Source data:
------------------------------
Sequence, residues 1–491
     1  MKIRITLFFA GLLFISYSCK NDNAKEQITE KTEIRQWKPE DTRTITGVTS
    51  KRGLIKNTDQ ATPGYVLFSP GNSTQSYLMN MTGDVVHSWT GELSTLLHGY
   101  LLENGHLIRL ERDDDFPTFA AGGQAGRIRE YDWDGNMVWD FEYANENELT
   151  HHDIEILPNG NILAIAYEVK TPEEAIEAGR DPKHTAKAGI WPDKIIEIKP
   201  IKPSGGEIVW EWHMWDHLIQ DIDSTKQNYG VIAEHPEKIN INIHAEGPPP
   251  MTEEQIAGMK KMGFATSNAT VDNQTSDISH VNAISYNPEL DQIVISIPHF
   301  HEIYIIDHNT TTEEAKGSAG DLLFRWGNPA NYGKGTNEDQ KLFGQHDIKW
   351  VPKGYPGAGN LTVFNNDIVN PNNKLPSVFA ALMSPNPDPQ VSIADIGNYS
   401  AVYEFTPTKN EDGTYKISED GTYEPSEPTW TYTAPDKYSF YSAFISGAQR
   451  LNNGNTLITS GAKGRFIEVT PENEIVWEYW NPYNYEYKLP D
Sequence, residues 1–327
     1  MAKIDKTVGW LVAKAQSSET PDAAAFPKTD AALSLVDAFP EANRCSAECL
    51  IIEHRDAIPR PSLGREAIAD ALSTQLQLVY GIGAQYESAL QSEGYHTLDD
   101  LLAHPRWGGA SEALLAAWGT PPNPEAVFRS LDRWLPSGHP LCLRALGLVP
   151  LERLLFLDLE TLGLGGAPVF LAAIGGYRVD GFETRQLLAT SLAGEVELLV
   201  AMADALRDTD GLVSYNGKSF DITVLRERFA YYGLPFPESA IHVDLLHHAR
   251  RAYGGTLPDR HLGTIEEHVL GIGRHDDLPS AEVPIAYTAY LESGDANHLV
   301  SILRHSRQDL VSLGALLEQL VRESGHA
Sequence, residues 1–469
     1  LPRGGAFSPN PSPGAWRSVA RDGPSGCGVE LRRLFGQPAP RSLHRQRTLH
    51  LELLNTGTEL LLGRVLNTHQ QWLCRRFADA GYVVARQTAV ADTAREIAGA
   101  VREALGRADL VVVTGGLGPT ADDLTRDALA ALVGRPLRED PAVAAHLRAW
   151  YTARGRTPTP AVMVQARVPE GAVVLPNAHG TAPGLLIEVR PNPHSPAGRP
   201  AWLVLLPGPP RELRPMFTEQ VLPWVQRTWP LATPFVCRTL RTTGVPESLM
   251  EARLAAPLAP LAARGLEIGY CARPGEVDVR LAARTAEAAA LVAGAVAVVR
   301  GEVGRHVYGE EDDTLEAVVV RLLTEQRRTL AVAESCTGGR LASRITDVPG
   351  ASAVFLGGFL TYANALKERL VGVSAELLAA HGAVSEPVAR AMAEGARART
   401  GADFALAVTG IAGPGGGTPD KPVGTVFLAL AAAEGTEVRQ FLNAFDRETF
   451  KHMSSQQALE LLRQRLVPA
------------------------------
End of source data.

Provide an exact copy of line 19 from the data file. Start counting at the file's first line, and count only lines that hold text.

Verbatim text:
   301  SILRHSRQDL VSLGALLEQL VRESGHA